State housing to become ‘our Maori village’

If “kainga” means “Maori village” and “ora” means “our”, renaming state housing as “our Maori village”, as the Kainga Ora–Homes and Communities Bill intends, appears an accurate name for housing that is largely occupied by Maori families.

Apparently, 35 percent of state house tenants identify as Maori, 27 percent as Pacific peoples, and 36 percent as European, according to the 2017 Housing New Zealand annual report.

However, there is more to the Kainga Ora–Homes and Communities Bill than a new name in “the language”. According to the bill’s explanatory note, the new entity will have two key roles, being a public housing landlord, and leading and co-ordinating urban development projects.

To bring this about, the bill:

  • disestablishes the Housing New Zealand Corporation,
  • puts Housing New Zealand’s functions and assets into Kainga Ora–Homes and Communities,
  • repeals the Housing Corporation Act 1974,
  • puts some of the functions and assets related to KiwiBuild that currently sit in the Ministry of Housing and Urban Development into Kainga Ora–Homes and Communities.

The bill recognises Maori interests by:

  • giving the board a duty to uphold the Treaty of Waitangi and its principles, to understand and apply Te Ture Whenua Maori Act 1993, and to engage with Maori and understand Maori perspectives,
  • requiring understanding and support of Maori aspirations relating to urban development,
  • requiring identification and protection of Maori interests and have early and meaningful engagement with Maori, and offer Maori opportunities to participate in urban development,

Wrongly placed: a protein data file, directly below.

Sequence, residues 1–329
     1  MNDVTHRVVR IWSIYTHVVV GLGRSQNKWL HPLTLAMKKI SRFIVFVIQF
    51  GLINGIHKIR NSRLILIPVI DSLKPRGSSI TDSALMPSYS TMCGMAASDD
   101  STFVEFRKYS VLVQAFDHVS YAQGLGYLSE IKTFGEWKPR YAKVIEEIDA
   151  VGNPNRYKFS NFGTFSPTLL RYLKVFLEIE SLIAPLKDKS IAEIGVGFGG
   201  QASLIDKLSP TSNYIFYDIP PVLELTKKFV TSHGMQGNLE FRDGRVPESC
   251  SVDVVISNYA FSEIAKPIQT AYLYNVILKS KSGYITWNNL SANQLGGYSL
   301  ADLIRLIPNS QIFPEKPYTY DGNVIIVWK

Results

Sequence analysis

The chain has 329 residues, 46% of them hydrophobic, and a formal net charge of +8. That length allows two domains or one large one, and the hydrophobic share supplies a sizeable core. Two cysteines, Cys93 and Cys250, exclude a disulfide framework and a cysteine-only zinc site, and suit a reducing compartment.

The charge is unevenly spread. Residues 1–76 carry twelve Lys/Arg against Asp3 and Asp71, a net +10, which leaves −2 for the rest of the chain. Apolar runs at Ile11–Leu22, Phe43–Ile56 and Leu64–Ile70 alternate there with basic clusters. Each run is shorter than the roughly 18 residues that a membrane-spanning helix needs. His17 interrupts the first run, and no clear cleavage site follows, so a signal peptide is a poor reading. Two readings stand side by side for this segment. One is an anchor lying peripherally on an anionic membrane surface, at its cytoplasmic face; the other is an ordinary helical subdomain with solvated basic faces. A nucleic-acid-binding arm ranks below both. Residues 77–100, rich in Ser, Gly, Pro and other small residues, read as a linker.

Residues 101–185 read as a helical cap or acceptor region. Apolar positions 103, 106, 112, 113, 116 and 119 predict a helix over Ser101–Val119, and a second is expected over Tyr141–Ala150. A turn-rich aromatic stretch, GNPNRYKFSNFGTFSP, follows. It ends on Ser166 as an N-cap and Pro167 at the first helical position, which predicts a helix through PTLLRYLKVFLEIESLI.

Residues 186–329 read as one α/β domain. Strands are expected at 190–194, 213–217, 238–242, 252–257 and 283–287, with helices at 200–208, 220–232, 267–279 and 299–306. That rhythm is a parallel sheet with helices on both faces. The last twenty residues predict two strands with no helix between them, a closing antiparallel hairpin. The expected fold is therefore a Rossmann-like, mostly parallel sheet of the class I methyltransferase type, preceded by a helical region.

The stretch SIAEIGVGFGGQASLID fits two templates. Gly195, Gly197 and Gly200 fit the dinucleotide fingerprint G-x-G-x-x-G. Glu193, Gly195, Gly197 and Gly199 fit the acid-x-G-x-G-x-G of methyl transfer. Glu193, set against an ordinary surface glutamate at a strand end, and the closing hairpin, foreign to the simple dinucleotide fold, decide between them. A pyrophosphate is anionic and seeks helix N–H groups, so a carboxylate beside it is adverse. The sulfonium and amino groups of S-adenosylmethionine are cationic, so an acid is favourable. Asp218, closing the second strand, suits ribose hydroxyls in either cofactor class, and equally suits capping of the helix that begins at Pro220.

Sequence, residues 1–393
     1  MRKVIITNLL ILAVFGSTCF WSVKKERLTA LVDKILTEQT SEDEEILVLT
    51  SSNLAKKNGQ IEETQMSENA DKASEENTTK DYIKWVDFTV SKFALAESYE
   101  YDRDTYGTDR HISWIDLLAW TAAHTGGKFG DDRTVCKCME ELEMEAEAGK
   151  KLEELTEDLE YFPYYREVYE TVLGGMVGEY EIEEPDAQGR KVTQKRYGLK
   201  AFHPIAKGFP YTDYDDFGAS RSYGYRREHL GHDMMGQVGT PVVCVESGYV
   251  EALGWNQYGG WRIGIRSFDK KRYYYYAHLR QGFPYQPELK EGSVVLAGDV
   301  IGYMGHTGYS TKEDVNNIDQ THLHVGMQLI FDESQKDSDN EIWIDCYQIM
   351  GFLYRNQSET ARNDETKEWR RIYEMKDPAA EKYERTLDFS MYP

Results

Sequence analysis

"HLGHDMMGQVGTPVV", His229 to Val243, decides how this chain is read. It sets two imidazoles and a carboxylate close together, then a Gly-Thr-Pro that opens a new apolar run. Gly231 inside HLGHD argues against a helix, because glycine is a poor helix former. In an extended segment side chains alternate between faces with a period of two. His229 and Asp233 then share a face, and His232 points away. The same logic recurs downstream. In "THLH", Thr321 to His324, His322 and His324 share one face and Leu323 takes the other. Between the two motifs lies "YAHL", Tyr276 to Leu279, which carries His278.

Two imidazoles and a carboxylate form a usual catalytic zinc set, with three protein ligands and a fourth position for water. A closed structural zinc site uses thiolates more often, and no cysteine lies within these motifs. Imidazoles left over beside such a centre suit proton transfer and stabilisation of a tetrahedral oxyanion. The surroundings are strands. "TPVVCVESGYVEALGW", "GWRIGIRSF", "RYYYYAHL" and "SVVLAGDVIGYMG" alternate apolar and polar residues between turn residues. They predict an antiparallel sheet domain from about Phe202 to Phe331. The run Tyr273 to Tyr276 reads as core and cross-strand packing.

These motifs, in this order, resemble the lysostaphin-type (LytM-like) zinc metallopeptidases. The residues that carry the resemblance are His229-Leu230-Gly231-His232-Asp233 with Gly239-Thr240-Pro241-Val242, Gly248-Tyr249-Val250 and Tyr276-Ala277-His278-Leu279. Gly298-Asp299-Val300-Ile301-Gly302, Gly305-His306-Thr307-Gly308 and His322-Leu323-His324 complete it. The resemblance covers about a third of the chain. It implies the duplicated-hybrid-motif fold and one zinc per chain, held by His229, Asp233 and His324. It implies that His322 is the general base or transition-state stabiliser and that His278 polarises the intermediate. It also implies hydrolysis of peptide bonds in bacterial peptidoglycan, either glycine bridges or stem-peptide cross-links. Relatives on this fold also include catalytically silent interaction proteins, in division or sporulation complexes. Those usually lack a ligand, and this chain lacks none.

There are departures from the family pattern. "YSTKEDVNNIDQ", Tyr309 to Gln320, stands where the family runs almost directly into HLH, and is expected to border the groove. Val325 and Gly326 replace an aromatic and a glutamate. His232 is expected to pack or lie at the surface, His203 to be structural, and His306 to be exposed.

• preventing Kainga Ora–Homes and Communities from using Housing New Zealand’s exemptions in Treaty settlement legislation to override Rights of First Refusal.

There you have it. The Treaty and its principles will be front and centre of state housing, the development and management of which will focus on Maori interests and aspirations, while the rights to redevelop state house assets will be overtaken by the rights of first refusal by Treaty settlement entities to profit from any redevelopments.

One curious aspect of this bill is ironic. While the third “treaty principle” on Justice Cooke’s original principles list is clear that unreasonable restrictions on the right of a duly elected government to follow its chosen policy are off limits, the prioritising of iwi over government on the rights of first refusal on surplus state housing assets does just that --  imposes an unreasonable restriction on the government.

The other curious aspect is that there has not been a squeak from Labour’s Maori caucus about the obvious cultural appropriation that appears in the virtue-signalling new name. Does this mean that the Maori caucus supports the white-liberal fetish of adopting Maori names to make an entity look correct?

Submissions have been called for. The deadline is July 11. Go here to make your submission opposing this restrictive, virtue-signalling bill. https://www.parliament.nz/en/pb/sc/make-a-submission/document/52SCEN_SCF_BILL_88098/k%C4%81inga-ora-homes-and-communities-bill

Is your weekly newsletter being racist?

Labour List MP Priyanca Radhakrishnan told the June 19, 2019, issue of the Courier that the regular emails she gets from Hobson’s Pledge Trust are evidence of “the existence of racist attitudes towards Maori”.

“Racism”, according to the Concise Oxford Dictionary, is “the theory that human abilities are determined by race”, while “racialism” is “the belief in the superiority of a particular race”.

If she had done a bit of research before rushing into print, she may have found out that Hobson’s Pledge Trust was formed in 2016 to press for equal political rights for all New Zealanders - of whatever ethnicity, as the website says. (See https://www.hobsonspledge.nz/)

The last three newsletter headlines -- Welfare is to blame, not colonisation, How tribal control of coastal areas may operate, and Children not helped by commissioner’s racism claim, show that the target of our criticism is Government policy, of which she is a part.

These criticisms have nothing to do with either “the theory that human abilities are determined by race”, or “the belief in the superiority of a particular race”.

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